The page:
Everyone spills a drink from time to time, or drops toast and marmalade (sticky side down of course!) onto a carpet or a three-piece suite.
The problem is that for you as a customer professional cleaners are not usually foremost in your thoughts during the initial stages of panic.
The drinks most commonly spilled seem to be tea, coffee, red wine and beer. Tea and coffee can create some challenges even for the professional cleaner, so bear this in mind when you try to remedy the problem yourself!
When I’m called out to such accidents, as I regularly am, the first thing I do when faced with these types of stains is to complete a survey.
The natural dyes (tannin) contained within tea and coffee can differ depending on whether the drink is decaffeinated or flavoured. The temperature of the drink at the time of the spillage, and whether it contained milk and/or sugar, are also important factors to consider. Hot tea and coffee will penetrate deeper into the substrate, swelling the fibres and exposing the dye sites to the staining material. The fibres then cool, trapping the stain and making it more difficult to remove. Dairy products (specifically the protein element) become more difficult to deal with the longer they are left in the substrate, and sugar can caramelise into a hard deposit.
Once I have assessed the stain, I then ask if anything (and if so ‘what?’) has already been done in an attempt to remove it. This may affect how I choose to clean the stain or even the final success.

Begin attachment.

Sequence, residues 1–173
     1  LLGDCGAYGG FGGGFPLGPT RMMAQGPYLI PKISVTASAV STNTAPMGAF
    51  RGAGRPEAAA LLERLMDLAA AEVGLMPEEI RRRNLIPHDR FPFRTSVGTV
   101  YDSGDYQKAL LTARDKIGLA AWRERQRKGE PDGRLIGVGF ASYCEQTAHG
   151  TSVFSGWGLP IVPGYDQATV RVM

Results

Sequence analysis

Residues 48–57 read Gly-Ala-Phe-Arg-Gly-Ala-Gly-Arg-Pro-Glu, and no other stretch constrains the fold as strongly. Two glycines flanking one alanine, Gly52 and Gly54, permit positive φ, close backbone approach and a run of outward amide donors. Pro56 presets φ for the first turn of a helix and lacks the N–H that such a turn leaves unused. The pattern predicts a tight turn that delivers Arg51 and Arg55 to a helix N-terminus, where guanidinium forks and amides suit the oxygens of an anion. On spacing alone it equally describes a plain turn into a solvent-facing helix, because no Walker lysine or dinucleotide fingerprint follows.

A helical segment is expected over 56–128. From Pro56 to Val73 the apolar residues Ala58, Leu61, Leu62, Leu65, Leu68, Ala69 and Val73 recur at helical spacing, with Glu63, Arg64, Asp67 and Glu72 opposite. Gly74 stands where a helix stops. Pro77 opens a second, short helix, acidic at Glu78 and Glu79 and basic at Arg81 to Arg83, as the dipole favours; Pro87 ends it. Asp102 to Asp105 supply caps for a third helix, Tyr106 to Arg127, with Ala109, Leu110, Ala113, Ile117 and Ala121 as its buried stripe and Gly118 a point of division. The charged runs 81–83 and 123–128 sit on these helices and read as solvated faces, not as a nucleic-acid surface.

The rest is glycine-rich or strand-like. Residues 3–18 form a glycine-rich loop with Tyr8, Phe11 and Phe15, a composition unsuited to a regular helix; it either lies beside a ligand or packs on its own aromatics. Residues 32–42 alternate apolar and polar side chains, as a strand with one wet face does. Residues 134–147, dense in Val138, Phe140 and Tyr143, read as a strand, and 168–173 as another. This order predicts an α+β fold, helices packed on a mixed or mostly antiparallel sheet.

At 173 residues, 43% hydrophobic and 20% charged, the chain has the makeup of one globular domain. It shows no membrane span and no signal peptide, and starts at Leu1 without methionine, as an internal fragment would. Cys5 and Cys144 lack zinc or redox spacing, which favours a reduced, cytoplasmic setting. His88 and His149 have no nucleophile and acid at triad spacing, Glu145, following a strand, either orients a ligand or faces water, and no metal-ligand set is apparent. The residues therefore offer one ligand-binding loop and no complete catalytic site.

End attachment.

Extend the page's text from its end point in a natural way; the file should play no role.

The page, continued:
Next, I establish what fibres and constructions are present in the item/s I have been asked to clean. Natural fibres are more absorbent than synthetic fibres. They can also be more easily damaged by spot and stain removal processes.
On completing the survey, I discuss with you what sort of result may be achieved, inform you what risks are involved and test all the products I intend to use in an inconspicuous area.
It’s always a good idea to clean the whole area first, as many spots will come out (or at least lighten) from this process and this will reduce the intensity of the stain removal product that is required on any residual stains.
It’s important to deal with any remaining stains carefully. I will only use products with particular note to the limitations imposed on me by the fibre type and construction. One major consideration here is to check backing materials for potential colour bleed/migration. Some stains can take as long to deal with as cleaning a whole carpet/suite.
(This was a recent job. Vodka and coke was the main ingredient!)
(I love the ‘before’ and ‘after’ situations)
So next time you have one of those common little accidents please take this advice:-
- Don’t panic – it’s happened so let’s look at the best way to deal with it!
- Don’t use any random product you may have in your cupboard to remove the stain which may make it worse or damage your carpet or furniture.
- Check my website here for a useful and safe process if you intend to do anything.
- If you still have an issue give me a ring and I’ll either advise you over the phone or come and have a look at the problem myself.
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